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NewsLine
6.4.13

Stroke

Each year about 795,000 Americans have a stroke and every four minutes someone dies of stroke.  But strokes can be prevented if treated promptly.

Stroke is our nation’s number three killer and a leading cause of long-term disability.  A stroke is damage to the brain, caused by either a blood clot or bleeding in the brain, says Dr. Sajjad Mueed, assistant professor of neurology at SIU School of Medicine in Springfield.  He describes the symptoms of stroke:

“The symptoms depend on what part of the brain is involved, but one of the commonest symptoms would be a weakness on one or the other side of the body.  But people could also have language or speech trouble.  They could have balance problems. They may feel dizzy.  They may suddenly lose their vision.  They may not be able to understand other people as well.”

Stroke is more common in elderly people, but younger people also can have strokes.  People who have risk factors such as high blood pressure, diabetes, high cholesterol or heart disease are more likely to experience a stroke.  Individuals who are obese and who smoke cigarettes also are at higher risk for stroke.  Dr. Mueed explains the need for seeking treatment for stroke quickly.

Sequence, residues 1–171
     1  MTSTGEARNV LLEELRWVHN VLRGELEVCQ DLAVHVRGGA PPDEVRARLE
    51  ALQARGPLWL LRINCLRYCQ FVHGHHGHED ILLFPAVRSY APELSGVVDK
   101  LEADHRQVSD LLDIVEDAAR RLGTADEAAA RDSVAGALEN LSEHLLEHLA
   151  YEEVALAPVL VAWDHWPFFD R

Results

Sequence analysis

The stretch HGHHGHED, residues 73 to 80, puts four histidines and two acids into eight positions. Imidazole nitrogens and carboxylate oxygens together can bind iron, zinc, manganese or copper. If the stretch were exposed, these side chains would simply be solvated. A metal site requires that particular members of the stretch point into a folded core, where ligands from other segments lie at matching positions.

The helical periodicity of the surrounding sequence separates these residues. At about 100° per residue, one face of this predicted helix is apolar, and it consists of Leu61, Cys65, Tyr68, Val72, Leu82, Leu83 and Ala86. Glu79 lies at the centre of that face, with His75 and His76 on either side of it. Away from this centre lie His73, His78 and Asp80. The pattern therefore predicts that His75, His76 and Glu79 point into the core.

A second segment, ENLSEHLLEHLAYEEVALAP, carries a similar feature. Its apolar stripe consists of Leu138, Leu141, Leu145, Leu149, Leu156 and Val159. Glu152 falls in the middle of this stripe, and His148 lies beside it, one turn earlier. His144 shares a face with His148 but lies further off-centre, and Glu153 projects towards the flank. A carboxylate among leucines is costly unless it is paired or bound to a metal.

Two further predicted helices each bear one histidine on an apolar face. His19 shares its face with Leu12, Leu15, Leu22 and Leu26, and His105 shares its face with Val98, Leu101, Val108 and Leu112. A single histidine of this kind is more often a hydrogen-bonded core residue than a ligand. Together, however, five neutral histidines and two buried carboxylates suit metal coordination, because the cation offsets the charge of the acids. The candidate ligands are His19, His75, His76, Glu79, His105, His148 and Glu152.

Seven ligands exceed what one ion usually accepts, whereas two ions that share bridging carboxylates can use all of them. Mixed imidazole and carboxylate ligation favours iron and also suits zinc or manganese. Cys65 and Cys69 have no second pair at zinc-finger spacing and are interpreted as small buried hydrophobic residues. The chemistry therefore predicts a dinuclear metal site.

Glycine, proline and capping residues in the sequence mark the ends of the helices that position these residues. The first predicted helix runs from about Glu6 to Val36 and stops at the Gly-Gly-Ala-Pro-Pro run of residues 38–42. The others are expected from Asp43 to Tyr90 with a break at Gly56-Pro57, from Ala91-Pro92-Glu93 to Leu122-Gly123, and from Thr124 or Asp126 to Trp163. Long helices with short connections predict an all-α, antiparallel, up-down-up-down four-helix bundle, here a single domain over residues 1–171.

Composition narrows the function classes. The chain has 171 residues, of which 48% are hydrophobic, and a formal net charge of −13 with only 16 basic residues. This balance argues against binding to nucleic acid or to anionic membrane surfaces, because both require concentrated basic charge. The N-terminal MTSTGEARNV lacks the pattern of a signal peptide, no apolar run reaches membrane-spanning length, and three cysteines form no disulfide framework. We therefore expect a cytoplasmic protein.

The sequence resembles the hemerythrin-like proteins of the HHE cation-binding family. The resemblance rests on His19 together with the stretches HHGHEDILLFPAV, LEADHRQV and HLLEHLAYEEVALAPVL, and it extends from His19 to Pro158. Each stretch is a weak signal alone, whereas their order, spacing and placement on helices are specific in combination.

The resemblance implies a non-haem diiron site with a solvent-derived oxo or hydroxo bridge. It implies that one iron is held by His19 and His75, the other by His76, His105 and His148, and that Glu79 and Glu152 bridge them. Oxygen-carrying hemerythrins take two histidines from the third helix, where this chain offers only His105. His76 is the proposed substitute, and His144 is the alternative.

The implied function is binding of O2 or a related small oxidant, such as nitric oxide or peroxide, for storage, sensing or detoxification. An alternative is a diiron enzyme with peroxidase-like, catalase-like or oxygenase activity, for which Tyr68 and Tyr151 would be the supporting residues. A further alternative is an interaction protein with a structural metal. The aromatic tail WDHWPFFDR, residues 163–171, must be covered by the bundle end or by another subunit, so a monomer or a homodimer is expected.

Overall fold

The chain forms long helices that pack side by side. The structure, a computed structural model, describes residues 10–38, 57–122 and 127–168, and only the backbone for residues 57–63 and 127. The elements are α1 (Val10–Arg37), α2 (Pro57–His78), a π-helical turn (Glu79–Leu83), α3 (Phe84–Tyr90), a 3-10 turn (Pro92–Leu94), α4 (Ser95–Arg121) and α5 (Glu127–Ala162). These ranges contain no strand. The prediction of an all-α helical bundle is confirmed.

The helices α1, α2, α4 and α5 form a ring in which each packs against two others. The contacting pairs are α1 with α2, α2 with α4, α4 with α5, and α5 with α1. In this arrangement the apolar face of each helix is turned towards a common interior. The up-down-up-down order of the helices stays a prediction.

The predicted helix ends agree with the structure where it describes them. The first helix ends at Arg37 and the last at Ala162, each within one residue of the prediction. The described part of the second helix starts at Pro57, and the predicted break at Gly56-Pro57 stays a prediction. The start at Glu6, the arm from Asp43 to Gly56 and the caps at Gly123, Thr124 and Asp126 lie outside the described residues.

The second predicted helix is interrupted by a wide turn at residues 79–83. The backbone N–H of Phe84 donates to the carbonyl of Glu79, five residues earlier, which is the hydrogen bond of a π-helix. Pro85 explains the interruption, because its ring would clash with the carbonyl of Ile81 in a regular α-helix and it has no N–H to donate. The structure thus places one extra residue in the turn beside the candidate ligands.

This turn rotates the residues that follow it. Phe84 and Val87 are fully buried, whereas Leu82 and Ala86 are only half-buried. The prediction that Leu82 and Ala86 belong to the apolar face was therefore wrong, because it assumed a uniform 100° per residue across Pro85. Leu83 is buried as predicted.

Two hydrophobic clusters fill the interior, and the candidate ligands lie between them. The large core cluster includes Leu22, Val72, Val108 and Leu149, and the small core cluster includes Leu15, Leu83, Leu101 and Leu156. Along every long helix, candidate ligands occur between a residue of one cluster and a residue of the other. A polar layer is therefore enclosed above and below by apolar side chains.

“The most important thing as soon as the first signs and symptoms appear, is to seek medical help in the nearest emergency room.  It is because we have many things that can be done in the first few hours of a stroke when it happens.  The more time we have delayed our seeking the medical advice, the less our options for successful intervention in our treatment are.”

Individuals should also work with their physicians to manage risk factors to prevent a stroke... including eating a healthy diet, exercising regularly, and making it a priority to stop smoking.

Ruth Slottag